Robert Scoble, the blogosphere’s historical cheerleader extraordinaire, seems to be in a bit of a state.
He’s published an overview of all the things he considers wrong with tech blogging, a list that includes negative reader comments, conflicts of interest, a lack of focus on writing follow-up articles, and so on. Poor chap: he’s quite the grump.
Scoble might be right about a number of things, but he’s got it a little bit wrong when it comes to ‘negative comments’. He blames, among other things, the various tools employed to stop spam, claiming these hurdles prevent mass interaction. There’s a bit more to it than that...
“Only the most motivated will leave comments. That’s usually someone with an axe to grind. I’m so tired of those kinds of conversations: ‘Scoble, you’re an idiot’. Hey, I already know that, remember my conversation with Jurvetson and Williams? Why can’t commenters be nice, the way they probably would be if they were face to face? That’s cause we’ve failed you. We haven’t moderated jerks out of our commenting system so now no normal person would go close to anything resembling a modern commenting system.”
Sure, only the most motivated will leave comments, but then people who aren’t especially motivated shouldn’t be commenting anyway. People are only moved to add a comment if they agree strongly or disagree strongly. It’s as simple as that. And nobody should care a jot about the masses of opinion-lite fence-sitters. Who wants to read through every reader's comment, when the vast majority will be the equivalent of ‘meh’?
As to the technology barriers, well… this is a bit of a curve ball. You’ll just pull in less comments, full stop, if your tech sucks. It's got far less to do with bad Captchas (hands up: ours is a bit rubbish) and spam filters than Scoble suggests. Motivated people, be they trolls or wingmen, are to be admired for their gumption.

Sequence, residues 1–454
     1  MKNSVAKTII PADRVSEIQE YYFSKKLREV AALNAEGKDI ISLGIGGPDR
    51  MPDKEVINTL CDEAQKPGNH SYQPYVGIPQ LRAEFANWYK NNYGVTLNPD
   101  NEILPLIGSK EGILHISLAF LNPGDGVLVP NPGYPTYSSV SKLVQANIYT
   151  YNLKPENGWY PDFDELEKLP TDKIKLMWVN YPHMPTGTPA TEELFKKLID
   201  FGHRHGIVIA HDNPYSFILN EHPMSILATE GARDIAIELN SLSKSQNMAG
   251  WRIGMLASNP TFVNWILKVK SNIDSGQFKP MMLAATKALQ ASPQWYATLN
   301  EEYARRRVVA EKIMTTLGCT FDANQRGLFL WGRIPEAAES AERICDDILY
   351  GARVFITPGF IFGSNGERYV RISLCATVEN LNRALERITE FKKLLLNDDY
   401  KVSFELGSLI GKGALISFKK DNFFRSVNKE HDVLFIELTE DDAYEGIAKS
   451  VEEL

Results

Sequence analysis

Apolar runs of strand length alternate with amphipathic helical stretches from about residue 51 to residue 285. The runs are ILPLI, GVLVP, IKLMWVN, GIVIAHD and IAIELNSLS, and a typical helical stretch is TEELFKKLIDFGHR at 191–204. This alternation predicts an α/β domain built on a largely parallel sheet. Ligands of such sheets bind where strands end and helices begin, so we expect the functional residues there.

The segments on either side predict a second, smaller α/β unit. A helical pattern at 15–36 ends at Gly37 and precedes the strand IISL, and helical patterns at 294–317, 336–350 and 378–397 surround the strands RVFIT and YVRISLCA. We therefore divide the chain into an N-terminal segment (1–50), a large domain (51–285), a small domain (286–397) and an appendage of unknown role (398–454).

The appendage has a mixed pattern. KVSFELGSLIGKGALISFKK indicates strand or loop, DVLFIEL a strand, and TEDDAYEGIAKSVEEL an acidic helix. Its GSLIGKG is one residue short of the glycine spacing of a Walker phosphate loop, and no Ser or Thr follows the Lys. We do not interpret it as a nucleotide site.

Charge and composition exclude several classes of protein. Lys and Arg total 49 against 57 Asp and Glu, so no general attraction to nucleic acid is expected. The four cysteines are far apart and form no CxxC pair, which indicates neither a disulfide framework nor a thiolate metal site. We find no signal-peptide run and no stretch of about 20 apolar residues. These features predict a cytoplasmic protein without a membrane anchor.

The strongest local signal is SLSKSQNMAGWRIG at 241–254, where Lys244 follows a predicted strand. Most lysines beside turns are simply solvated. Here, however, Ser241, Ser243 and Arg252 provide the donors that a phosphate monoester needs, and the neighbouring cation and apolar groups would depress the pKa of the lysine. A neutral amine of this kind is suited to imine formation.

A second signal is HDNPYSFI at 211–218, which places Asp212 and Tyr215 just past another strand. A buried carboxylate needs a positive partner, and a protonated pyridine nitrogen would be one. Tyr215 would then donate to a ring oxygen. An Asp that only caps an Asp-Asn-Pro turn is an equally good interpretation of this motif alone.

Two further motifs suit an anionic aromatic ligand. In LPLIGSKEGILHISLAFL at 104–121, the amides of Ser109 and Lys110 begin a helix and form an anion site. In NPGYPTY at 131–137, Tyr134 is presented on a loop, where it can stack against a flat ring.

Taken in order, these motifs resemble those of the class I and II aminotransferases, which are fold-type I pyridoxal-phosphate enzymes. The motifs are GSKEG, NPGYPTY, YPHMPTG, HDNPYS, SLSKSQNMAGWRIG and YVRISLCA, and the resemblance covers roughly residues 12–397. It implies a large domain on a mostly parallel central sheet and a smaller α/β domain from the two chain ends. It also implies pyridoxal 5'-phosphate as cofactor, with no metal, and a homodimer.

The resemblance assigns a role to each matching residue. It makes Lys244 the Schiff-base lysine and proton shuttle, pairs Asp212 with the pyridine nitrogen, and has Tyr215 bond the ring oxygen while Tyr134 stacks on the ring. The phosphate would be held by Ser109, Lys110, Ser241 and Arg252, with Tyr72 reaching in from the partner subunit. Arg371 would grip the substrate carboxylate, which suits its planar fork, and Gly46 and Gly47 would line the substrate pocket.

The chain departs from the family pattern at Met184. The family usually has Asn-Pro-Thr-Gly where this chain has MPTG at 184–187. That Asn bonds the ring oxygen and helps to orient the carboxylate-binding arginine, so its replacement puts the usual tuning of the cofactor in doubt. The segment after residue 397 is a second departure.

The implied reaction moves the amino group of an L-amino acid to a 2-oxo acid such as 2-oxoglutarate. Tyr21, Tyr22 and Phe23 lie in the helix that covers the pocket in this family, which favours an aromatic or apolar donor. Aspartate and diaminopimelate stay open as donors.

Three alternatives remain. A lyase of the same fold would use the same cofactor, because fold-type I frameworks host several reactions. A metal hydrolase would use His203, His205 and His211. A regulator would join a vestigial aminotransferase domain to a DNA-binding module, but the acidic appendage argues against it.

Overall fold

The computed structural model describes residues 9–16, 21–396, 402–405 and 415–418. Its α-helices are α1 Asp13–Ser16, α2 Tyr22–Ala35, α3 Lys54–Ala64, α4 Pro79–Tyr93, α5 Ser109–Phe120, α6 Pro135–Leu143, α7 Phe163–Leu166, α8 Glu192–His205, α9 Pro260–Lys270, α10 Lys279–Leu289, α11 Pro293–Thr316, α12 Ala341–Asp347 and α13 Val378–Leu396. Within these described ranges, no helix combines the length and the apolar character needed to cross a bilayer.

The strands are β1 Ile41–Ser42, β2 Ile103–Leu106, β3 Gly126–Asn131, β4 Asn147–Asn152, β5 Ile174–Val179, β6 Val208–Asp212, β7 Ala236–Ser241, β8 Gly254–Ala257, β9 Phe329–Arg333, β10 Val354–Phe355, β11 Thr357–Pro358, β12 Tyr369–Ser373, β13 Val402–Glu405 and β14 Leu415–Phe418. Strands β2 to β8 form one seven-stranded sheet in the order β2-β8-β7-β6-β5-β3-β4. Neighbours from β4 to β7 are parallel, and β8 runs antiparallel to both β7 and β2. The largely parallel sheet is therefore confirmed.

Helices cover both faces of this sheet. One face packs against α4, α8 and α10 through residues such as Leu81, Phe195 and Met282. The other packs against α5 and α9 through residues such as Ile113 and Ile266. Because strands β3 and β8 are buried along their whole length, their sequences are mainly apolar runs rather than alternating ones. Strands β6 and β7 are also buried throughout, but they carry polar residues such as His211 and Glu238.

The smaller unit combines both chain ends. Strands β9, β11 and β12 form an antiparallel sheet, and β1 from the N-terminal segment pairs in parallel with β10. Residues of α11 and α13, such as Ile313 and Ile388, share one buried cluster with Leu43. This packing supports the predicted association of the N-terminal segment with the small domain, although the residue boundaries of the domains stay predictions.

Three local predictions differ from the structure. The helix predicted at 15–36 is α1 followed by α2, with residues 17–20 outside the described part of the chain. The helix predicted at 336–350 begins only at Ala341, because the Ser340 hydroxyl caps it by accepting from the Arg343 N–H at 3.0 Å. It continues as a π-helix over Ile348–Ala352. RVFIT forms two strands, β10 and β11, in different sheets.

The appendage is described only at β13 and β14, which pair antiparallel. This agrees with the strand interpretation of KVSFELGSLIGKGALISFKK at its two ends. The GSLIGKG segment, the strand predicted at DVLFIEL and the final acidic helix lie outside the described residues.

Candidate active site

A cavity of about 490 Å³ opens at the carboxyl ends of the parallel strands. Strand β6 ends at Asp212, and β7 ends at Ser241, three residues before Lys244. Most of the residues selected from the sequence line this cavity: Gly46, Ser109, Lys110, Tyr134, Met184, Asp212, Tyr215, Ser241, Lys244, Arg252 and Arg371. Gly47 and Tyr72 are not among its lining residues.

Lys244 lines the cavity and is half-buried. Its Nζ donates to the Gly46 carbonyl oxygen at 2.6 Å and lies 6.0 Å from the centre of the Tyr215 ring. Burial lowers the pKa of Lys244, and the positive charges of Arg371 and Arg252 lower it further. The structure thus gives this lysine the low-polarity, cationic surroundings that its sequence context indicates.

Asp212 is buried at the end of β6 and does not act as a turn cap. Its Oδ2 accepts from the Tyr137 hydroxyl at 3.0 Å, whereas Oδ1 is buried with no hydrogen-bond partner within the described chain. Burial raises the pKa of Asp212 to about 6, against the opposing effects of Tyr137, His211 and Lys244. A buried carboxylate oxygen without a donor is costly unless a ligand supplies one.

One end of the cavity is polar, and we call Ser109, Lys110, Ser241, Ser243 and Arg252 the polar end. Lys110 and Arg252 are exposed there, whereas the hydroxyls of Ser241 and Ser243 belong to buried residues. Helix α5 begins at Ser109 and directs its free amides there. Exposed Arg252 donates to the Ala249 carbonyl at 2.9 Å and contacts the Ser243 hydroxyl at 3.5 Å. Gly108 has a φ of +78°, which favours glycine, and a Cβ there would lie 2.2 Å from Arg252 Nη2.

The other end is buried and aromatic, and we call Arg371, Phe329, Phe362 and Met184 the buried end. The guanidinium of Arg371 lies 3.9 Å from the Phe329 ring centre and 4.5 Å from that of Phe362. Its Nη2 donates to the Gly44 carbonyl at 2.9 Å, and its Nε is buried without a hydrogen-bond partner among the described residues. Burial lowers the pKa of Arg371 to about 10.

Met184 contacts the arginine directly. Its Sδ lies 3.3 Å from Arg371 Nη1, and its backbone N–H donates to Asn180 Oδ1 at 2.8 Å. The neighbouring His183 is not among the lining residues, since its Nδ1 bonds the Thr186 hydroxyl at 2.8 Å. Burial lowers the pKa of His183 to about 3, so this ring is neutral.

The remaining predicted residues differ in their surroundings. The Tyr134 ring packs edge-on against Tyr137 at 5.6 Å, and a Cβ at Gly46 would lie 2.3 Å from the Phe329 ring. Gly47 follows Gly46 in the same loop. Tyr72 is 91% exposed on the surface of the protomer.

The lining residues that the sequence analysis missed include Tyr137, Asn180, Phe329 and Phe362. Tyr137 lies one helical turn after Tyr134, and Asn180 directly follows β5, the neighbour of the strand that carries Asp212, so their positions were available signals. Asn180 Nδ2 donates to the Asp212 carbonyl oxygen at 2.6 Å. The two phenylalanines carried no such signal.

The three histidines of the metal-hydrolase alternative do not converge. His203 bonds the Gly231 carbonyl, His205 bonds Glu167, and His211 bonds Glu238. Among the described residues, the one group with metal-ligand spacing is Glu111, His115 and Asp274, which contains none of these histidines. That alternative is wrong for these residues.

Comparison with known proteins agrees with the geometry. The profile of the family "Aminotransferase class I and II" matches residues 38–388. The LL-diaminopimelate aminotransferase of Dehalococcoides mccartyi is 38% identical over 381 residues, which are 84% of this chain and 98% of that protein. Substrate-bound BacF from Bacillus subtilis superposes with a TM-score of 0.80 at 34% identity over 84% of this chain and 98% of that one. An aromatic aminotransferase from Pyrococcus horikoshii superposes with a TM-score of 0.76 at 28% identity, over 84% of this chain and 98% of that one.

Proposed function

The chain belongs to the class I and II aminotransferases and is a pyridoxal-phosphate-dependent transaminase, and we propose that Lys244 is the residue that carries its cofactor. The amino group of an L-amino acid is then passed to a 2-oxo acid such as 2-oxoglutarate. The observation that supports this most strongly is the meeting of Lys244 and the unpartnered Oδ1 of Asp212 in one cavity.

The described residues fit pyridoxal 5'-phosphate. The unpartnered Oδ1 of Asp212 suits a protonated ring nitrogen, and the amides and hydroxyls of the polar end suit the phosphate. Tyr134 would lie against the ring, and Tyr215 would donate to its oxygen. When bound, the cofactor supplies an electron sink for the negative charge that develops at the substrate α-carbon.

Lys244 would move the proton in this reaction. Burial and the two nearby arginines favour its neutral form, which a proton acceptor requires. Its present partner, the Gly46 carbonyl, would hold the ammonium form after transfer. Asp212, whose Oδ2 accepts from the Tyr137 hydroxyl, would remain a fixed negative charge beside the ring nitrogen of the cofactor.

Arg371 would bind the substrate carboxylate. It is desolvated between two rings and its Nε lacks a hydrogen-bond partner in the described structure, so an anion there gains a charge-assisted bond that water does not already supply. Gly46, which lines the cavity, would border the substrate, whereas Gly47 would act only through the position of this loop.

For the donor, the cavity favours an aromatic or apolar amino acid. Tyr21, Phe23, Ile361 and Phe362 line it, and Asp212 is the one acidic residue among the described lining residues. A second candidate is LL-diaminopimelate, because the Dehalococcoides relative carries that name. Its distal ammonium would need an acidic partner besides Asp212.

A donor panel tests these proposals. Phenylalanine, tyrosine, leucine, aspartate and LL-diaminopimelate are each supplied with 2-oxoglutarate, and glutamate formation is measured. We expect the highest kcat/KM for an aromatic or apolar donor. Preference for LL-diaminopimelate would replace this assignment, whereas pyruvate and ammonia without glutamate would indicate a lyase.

But more than anything, it is the nature of the post that determines the kind of comments you’ll attract.
In my mind there are, broadly, three kinds of blog posts favoured by tech bloggers:
These posts deal in facts and observations. They are informative, well-researched, and tell the reader something new. They will often attract positive comments, as well as comments that extend the discussion and broaden the understanding of the subject. This is when user participation really benefits everybody. These posts take longer to write, but they’re worth it.
You are far more likely to attract negative reader feedback if your post contains a strong opinion, because one way or another, strong opinions are there to polarise people. So naturally they are also to be encouraged, but as a blogger you’ll need a thick skin (just like Scoble, who back in 2006 was "a nice guy with a thick skin"... methinks his skin is thinning). And if you don’t believe me, write something even vaguely anti-Apple and seed it on Digg.
The copycat (aka the ‘meh’ post)